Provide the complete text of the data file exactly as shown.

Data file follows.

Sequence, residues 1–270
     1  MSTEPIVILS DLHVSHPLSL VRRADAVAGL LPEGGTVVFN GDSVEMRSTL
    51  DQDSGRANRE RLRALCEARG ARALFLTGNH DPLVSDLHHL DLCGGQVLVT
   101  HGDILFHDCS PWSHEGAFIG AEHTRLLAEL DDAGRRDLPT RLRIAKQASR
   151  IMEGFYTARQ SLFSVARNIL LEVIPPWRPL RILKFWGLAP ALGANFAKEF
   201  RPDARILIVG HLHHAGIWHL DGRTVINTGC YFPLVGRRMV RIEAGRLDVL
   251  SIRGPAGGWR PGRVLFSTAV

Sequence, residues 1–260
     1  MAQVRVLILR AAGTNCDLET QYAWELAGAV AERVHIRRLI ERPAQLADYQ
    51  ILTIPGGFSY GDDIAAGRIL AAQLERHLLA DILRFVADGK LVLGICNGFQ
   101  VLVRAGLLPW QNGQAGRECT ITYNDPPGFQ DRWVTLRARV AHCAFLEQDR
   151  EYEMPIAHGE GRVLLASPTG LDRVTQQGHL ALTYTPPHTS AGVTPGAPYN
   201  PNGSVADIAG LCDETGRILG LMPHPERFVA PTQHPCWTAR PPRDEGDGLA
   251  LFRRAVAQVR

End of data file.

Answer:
Sequence, residues 1–270
     1  MSTEPIVILS DLHVSHPLSL VRRADAVAGL LPEGGTVVFN GDSVEMRSTL
    51  DQDSGRANRE RLRALCEARG ARALFLTGNH DPLVSDLHHL DLCGGQVLVT
   101  HGDILFHDCS PWSHEGAFIG AEHTRLLAEL DDAGRRDLPT RLRIAKQASR
   151  IMEGFYTARQ SLFSVARNIL LEVIPPWRPL RILKFWGLAP ALGANFAKEF
   201  RPDARILIVG HLHHAGIWHL DGRTVINTGC YFPLVGRRMV RIEAGRLDVL
   251  SIRGPAGGWR PGRVLFSTAV

Sequence, residues 1–260
     1  MAQVRVLILR AAGTNCDLET QYAWELAGAV AERVHIRRLI ERPAQLADYQ
    51  ILTIPGGFSY GDDIAAGRIL AAQLERHLLA DILRFVADGK LVLGICNGFQ
   101  VLVRAGLLPW QNGQAGRECT ITYNDPPGFQ DRWVTLRARV AHCAFLEQDR
   151  EYEMPIAHGE GRVLLASPTG LDRVTQQGHL ALTYTPPHTS AGVTPGAPYN
   201  PNGSVADIAG LCDETGRILG LMPHPERFVA PTQHPCWTAR PPRDEGDGLA
   251  LFRRAVAQVR